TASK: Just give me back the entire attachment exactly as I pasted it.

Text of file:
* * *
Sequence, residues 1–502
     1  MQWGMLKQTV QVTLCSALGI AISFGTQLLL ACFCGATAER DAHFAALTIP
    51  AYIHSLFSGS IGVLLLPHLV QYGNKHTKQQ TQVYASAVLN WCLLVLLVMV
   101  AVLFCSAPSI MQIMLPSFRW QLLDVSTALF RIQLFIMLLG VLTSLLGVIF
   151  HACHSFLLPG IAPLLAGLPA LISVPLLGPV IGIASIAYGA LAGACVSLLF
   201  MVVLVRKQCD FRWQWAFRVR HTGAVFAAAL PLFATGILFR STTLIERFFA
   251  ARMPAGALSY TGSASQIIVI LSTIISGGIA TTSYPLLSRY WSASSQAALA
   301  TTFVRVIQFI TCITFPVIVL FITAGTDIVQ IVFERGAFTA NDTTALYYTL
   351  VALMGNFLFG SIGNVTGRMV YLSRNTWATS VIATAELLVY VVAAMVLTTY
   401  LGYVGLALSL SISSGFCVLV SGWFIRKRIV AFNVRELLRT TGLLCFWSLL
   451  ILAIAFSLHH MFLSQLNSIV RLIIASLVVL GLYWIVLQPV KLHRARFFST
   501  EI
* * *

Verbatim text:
Sequence, residues 1–502
     1  MQWGMLKQTV QVTLCSALGI AISFGTQLLL ACFCGATAER DAHFAALTIP
    51  AYIHSLFSGS IGVLLLPHLV QYGNKHTKQQ TQVYASAVLN WCLLVLLVMV
   101  AVLFCSAPSI MQIMLPSFRW QLLDVSTALF RIQLFIMLLG VLTSLLGVIF
   151  HACHSFLLPG IAPLLAGLPA LISVPLLGPV IGIASIAYGA LAGACVSLLF
   201  MVVLVRKQCD FRWQWAFRVR HTGAVFAAAL PLFATGILFR STTLIERFFA
   251  ARMPAGALSY TGSASQIIVI LSTIISGGIA TTSYPLLSRY WSASSQAALA
   301  TTFVRVIQFI TCITFPVIVL FITAGTDIVQ IVFERGAFTA NDTTALYYTL
   351  VALMGNFLFG SIGNVTGRMV YLSRNTWATS VIATAELLVY VVAAMVLTTY
   401  LGYVGLALSL SISSGFCVLV SGWFIRKRIV AFNVRELLRT TGLLCFWSLL
   451  ILAIAFSLHH MFLSQLNSIV RLIIASLVVL GLYWIVLQPV KLHRARFFST
   501  EI